Title
Variation of ion polarizability from vacuum to hydration: insights from Hirshfeld partitioning Variation of ion polarizability from vacuum to hydration: insights from Hirshfeld partitioning
Author
Faculty/Department
Faculty of Sciences. Chemistry
Publication type
article
Publication
Washington, D.C. ,
Subject
Physics
Chemistry
Source (journal)
The journal of physical chemistry : A : molecules, spectroscopy, kinetics, environment and general theory. - Washington, D.C., 1997, currens
Volume/pages
114(2010) :34 , p. 8984-8992
ISSN
1089-5639
1520-5215
ISI
000281128900007
Carrier
E
Target language
English (eng)
Full text (Publishers DOI)
Affiliation
University of Antwerp
Abstract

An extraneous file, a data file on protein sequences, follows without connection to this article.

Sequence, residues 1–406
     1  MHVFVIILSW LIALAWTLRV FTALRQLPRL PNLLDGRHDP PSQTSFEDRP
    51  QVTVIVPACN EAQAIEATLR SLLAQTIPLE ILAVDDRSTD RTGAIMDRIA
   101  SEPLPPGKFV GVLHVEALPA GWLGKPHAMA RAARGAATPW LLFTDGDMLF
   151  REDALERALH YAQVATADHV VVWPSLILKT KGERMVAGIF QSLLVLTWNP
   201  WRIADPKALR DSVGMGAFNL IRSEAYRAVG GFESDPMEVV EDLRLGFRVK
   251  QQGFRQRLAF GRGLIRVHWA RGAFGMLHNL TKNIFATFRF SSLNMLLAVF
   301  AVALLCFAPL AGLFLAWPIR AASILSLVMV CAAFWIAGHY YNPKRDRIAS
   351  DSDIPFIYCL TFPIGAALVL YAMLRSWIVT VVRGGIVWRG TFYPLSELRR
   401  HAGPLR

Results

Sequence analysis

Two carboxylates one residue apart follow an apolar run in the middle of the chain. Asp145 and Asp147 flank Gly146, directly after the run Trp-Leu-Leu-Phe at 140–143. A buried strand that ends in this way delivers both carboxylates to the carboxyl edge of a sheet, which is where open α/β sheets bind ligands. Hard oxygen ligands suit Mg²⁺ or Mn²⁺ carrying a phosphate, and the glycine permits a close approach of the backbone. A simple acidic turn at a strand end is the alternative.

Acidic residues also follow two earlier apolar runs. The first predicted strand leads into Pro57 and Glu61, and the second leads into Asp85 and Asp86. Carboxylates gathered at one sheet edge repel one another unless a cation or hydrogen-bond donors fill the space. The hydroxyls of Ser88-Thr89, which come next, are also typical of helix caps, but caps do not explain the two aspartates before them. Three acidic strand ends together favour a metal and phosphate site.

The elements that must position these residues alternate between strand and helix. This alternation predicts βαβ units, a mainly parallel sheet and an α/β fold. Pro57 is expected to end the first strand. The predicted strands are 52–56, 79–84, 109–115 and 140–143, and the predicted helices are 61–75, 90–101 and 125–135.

The results of iterative Hirshfeld partitioning on the polarizability of monovalent anions (F−, Cl−, and Br−) and Na+ in water clusters ranging from n = 0 to n = 25 are presented. In each case, the ions reach a limiting intrinsic polarizability in the fully hydrated state. For F−, Cl−, and Br− using B3LYP/aug-cc-pVDZ, the intrinsic polarizabilities in the condensed-phase limit are 47.2 ± 0.7%, 47.2 ± 0.3%, and 54.2 ± 0.4% of their gas-phase value at the corresponding level of theory. The extent of this scaling depends on the basis set (we also consider B3LYP/aug-cc-pVTZ), but intrinsic polarizabilities are generally within 35−55% of the gas-phase value. The sodium cation is the least polarizable in the condensed-phase limit. The average intrinsic polarizability of water in these clusters decreases with the size of the cluster, which is consistent with earlier Hirshfeld analysis of intrinsic polarizabilities of pure water (Krishtal, A.; Senet, P.; Yang, M.; van Alsenoy, C. J. Chem. Phys. 2006, 125, 034312). Further analysis demonstrates that water molecules near ions in sufficiently large clusters (n = 25) have intrinsic polarizabilities similar to those of water molecules fully coordinated in a pure aqueous cluster. The observed binodal distribution of the water intrinsic polarizability within the cluster is attributed to polarizability differences between interior and exterior water molecules. This observation is in qualitative agreement with arguments based on Paulis exclusion principle that suggest a reduced polarizability for condensed-phase water relative to the vacuum value.
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